The importance of social research in promoting public policies that are more transparent, democratic, and sustainable over time is widely acknowledged. This research study seeks to provide insights into the working of social research production systems in developing countries, where research systems are weaker.
Findings are based on a comparative study of case studies of the three Latin American countries-, namely, Bolivia, Paraguay and Peru- using documentary analysis and in-depth interviews. The studies show important commonalities such as the weak or null presence of the state in social research policy and funding. All three countries are also marked by a common instrumentalist approach to social research production, albeit of a technocratic kind in Peru and Paraguay, while in Bolivia it is of a political/populist nature. Together, these factors have a strong impact on the low research outputs of these countries as compared to other countries in the region. Thesre three countries are different, too, for instance in the degree of institutional development and the professionalization of research work, where Peruú stands out as the mostre developed of the three countries. .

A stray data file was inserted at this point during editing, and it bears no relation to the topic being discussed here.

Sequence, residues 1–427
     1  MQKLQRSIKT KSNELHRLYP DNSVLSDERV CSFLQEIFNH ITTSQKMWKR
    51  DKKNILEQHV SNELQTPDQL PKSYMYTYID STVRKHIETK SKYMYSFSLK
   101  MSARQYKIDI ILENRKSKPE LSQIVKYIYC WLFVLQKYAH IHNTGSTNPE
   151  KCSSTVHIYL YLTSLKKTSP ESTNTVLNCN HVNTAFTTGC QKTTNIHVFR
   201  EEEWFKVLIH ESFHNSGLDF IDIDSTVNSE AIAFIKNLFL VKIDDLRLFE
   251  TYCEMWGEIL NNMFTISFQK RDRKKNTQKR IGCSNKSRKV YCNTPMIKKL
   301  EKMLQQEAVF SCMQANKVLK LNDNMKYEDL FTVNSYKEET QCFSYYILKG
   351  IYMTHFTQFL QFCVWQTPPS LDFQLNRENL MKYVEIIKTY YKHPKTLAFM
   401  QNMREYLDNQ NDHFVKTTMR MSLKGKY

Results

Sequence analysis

The study indicates the need for reform by capitalizing on the current capacity for research ., and It raises a series of questions regarding the relationship between research centers, think tanks and universities. It explores , as well as the need to strengthen the relationship between policy and social science research recognized in developed countries as a core element of the development process.
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